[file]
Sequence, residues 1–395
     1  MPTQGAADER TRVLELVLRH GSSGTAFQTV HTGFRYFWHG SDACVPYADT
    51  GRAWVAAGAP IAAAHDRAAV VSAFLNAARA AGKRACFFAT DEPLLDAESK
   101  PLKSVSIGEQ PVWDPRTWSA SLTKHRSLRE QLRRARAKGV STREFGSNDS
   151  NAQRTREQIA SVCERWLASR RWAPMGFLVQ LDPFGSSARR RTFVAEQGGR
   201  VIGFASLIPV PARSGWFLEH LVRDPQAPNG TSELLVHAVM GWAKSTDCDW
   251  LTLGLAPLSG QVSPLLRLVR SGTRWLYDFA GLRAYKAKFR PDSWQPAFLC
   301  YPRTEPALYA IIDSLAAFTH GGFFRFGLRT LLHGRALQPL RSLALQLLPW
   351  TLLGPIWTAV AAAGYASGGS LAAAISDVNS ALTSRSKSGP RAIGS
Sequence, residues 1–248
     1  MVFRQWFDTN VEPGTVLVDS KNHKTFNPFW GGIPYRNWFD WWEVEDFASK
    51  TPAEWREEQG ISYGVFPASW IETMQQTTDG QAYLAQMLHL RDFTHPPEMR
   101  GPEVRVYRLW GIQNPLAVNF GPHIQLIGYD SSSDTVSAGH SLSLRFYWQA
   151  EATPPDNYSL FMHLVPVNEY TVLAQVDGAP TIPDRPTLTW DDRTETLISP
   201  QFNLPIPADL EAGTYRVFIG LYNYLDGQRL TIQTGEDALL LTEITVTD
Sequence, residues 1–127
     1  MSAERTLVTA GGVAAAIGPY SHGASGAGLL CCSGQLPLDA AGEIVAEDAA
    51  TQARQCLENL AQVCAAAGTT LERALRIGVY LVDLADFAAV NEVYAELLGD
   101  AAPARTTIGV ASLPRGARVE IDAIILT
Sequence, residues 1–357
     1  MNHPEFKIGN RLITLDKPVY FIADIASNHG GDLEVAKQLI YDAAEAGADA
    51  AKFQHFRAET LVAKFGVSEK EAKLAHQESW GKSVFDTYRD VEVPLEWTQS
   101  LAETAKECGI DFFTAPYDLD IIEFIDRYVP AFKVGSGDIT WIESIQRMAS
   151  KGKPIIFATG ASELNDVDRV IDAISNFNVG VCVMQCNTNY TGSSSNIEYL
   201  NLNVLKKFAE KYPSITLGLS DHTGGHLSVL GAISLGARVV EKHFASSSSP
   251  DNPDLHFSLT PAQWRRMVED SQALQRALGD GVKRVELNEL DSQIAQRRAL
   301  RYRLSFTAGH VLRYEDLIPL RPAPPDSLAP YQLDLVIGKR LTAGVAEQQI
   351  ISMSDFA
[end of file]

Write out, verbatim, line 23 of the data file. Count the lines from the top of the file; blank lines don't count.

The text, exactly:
   101  LAETAKECGI DFFTAPYDLD IIEFIDRYVP AFKVGSGDIT WIESIQRMAS